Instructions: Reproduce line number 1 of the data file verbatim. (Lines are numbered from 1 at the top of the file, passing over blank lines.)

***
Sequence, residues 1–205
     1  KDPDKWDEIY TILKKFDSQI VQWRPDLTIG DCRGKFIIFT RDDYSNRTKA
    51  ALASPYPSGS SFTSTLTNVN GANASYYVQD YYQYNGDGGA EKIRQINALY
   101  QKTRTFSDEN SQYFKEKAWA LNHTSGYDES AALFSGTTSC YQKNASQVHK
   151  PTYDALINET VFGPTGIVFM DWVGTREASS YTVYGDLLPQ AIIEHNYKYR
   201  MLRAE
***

Sequence, residues 1–205